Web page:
Guidebook. Officially Silvester was priest in Moscow's Kremlin Church of the Annunciation, and in that capacity he oversaw the installation of the icons that make this church's interior among the most beautiful in the world. Silvester also oversaw the decoration of Ivan's Zolotaya Palata (Golden Palace), personally selecting the subject matter of the frescoes within it and arranging their placement. In fact, the incomparable splendor of these projects enabled his enemies to attack him for heresy and promoting Western influences in Orthodoxy through art, though there was nothing undogmatic in the new style of icons that Silvester favored. Silvester also is credited with authoring the Domostroi (circa 1550-1580), a guidebook for moral living. The dictates of the Domostroi reflect Silvester's religious views. Silvester opposed amusement in theory, and he prohibited dancing, singing, and even the playing of chess. He believed laughter was a weapon of the devil; regarded a wife not as a partner, but as the chief servant in a man's house; and argued that a husband should treat a wife as a slave or as a farm animal. Stubborn and stern, even in comparison to other mid-sixteenth-century religious figures like John Calvin, Silvester's Domostroi is a manual that links Christianity to the most mundane aspects of daily life, such as how to clean carpet, where to arrange furniture, and how to wash dishes. Its passages aim at total control of daily life, much as its author himself attempted to control Ivan's every action.
Political Machinations. In 1553 Ivan became quite ill and was presumed to be dying. Ivan noted that Silvester spent this time trying to consolidate his own position, rather than tending to the needs of his bedridden sovereign. Ivan also discovered that Silvester had been working behind the scenes to champion the Tsar's cousin Vladimir as heir, rather than the heir selected by Ivan himself, his son Dmitry. Ivan became convinced that Silvester's council was working to undermine the policies of his grandfather, Ivan III, who had consolidated central power at the expense of Russia's landowning princes. Silvester believed he was merely improving the moral stature of Russia's government by restoring to influence men whom he considered suitable for state service. From this point on, Ivan viewed Silvester as an opportunist who had cunningly usurped power and who had treasonably appropriated sovereign power unto himself. Though after 1553 Ivan no longer trusted Silvester, he so feared him and the council that he dared not challenge them until 1557.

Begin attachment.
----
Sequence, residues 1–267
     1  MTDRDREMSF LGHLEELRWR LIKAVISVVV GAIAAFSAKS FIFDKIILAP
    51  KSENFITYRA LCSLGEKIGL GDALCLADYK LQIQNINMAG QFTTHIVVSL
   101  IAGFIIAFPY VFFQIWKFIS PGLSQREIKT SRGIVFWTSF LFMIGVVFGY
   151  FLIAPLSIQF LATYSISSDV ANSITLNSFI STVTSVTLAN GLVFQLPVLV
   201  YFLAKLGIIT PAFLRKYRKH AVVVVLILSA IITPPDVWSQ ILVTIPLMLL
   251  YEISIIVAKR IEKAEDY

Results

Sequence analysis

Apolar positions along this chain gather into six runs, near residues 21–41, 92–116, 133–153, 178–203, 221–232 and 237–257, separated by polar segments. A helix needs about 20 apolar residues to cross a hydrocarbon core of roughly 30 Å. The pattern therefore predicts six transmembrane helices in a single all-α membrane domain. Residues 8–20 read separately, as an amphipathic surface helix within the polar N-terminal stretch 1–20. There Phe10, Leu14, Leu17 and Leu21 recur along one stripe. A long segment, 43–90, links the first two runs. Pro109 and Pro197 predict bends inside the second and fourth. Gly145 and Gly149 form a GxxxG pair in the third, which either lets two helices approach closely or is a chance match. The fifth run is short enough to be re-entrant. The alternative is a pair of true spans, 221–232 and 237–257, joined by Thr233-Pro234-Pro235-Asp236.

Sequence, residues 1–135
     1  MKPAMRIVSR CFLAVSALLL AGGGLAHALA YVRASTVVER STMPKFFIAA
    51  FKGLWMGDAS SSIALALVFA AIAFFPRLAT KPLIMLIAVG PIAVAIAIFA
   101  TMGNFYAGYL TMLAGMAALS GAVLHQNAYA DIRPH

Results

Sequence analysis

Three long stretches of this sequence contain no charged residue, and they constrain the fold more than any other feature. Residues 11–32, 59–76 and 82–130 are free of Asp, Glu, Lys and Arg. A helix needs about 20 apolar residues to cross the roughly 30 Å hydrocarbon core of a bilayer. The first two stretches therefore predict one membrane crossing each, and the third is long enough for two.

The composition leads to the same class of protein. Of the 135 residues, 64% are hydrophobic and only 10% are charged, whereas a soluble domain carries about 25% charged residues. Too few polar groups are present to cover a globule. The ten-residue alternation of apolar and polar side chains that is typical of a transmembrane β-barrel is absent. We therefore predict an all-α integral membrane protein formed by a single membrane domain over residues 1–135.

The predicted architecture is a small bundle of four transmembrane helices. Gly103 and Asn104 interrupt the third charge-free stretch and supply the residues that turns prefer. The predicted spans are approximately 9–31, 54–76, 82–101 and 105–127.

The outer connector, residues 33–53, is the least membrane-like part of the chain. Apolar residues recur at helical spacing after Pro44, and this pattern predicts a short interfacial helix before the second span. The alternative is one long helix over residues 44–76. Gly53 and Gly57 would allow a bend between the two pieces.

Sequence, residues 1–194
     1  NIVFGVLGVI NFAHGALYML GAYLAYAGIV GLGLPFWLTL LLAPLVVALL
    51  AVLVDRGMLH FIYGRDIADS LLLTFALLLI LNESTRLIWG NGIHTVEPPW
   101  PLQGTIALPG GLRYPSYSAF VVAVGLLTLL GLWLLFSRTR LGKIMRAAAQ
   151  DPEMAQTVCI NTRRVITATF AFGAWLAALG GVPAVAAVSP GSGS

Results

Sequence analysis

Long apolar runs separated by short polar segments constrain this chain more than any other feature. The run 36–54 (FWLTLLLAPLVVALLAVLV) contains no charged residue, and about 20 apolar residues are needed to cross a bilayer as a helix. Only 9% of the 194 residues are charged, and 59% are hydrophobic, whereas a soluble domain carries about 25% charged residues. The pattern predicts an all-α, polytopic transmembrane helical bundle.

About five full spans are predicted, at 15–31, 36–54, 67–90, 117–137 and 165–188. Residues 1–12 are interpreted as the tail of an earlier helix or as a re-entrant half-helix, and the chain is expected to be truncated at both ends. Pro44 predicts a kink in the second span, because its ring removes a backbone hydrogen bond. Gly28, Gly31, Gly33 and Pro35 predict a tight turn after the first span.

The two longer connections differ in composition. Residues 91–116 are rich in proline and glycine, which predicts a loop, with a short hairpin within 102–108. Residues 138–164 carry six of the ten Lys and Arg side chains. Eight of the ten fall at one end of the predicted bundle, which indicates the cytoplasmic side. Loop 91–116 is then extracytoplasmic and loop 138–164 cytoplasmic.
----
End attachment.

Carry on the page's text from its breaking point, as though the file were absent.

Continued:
Banishment. Perhaps because of his religious background, Silvester always regarded the Crimean Tatars and the Turks, both Muslim, as Russia's main threats, and he centered his foreign policy recommendations on them. Others at Ivan's court favored Russian intervention in the Baltic, particularly against Livonia and Sweden, and Ivan himself shared this orientation. Ivan used Silvester's and Adashev's opposition to the Livonian War (which, in hindsight, was correct, as the war proved to be a disaster for Russia, despite initial successes) to free himself from their control. Ivan banished Silvester to the distant Kirillov Monastery. Though Silvester had already been cloistered for several years when Ivan's beloved wife, Anastasia, died after a prolonged illness in 1560, Ivan nonetheless blamed Silvester. Ivan believed his wife was the victim of poisoning, assassinated by nobles whose great hatred of her had been stirred up by Silvester and his council during the time when Silvester had opposed her son as heir to the throne. In fact, Ivan vacillated as to whether he should bring Silvester to trial on the charges of witchcraft, believing his former guardian had cast spells on nobles to make them oppose and hate Anastasia. Silvester was ultimately spared this ordeal, though he was transferred to the Solovetsky Monastery, which lies isolated on an island in the White Sea. Here Silvester died, though when and how is unknown. Ivan later took pride in the fact that he spared Silvester's son.
Robert Payne and Nikita Romanoff, Ivan the Terrible (New York: Crowell, 1975).
S. F. Platonov, Ivan the Terrible, edited and translated by Joseph L. Wieczynski (Gulf Breeze, Fla.: Academic International, 1974).
Carolyn Johnston Pouncy, ed. and trans., The Domostroi: Rules for Russian Households in the Time of Ivan the Terrible (Ithaca, N.Y.: Cornell University Press, 1994).